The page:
Investment consultants and institutional investors are looking at portfolios and realizing they're well below ideal targets for emerging markets exposures, Mr. Quirk said. “There's a lot of pent-up demand there for emerging markets,” which spans asset classes.
It used to be that a handful of exuberant managers were banging the emerging markets drum, while investors mostly covered their ears. But now investors have burned through managers' capacity and are waiting for more.
“Our problem is, can we grow in a way that keeps us in a market-leading position? The market is growing faster than we are,” said Jerome Booth, head of research at emerging markets specialist money manager Ashmore Investment Management Ltd., London. “We welcome the competition; we welcome more people in the space.”
Ashmore's assets under management grew to $60.4 billion as of Dec. 31, up from $26.8 billion five years prior. In 2006, 68% of the firm's AUM was in hard-currency emerging markets debt strategies. Since then, Ashmore has expanded into corporate bonds, alternatives, cash and multistrategy offerings. Hard currency in 2011 made up about 22% of AUM.
Growth at emerging markets debt manager Stone Harbor Investment Partners has been brisk. The firm gained $37.3 billion in the three years ended April 30, 80% of which was in emerging markets debt. Total assets were $49.1 billion as of April 30.
James E. Craige, a partner at Stone Harbor in New York, said higher-fee emerging markets strategies aren't always more profitable. “The fees are marginally higher but the (operating investments) are higher, too,” Mr. Craige said. “You need a larger infrastructure to manage emerging markets debt than perhaps for other asset classes.”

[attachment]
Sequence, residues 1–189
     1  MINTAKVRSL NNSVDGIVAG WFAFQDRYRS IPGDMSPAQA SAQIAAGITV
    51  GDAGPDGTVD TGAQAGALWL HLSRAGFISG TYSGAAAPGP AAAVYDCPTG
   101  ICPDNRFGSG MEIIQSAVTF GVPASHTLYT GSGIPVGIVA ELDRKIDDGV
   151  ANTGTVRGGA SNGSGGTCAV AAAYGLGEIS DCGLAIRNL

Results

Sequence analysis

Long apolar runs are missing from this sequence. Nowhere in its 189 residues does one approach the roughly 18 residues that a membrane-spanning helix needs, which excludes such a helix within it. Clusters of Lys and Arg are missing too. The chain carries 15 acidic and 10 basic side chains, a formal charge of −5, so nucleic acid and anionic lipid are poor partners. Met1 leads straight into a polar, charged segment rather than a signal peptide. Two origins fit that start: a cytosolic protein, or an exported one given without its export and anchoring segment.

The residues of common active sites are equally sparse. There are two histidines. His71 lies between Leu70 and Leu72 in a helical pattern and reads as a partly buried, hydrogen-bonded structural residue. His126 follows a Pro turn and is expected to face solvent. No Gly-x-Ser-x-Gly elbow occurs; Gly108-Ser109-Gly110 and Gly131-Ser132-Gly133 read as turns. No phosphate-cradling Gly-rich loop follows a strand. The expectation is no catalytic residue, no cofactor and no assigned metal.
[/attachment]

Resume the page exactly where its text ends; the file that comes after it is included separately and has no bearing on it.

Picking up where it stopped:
At quantitative equity firm Parametric Portfolio Associates, Seattle, emerging markets assets under management jumped nearly fivefold to $14 billion over the past five years, according to Paul Bouchey, managing director and head of research. The firm's overall AUM is $47.9 billion.
“There's no question” it's become a bigger part of Parametric's business as investor appetite has shifted in favor of emerging markets, Mr. Bouchey said. “It represents about a third of our assets but definitely more than half of our revenues.” The firm, which has run its structured emerging markets strategy for 16 years, has added staff to handle the growth, he said.
Last year it launched a second strategy, structured emerging markets core, which excludes frontier markets. A client unable to invest in frontier markets requested the strategy, and Parametric executives gladly assented because the main strategy was approaching its capacity limit of $18 billion.
Other managers have been adding frontier markets and small-cap emerging markets equity strategies as way of expanding outside of the mainstream.
For example, Acadian Asset Management LLC, which has had a frontier strategy since 2007 and an emerging markets one since 1993, last year created small-cap and managed volatility emerging markets equity strategies. Acadian manages $48 billion, of which $13 billion is in emerging markets.
“Our process works better in emerging markets, which are less efficient,” said Ross Dowd, senior vice president and head of global marketing and client service at Acadian in Boston. “Going beyond those core markets is an advantage to us.”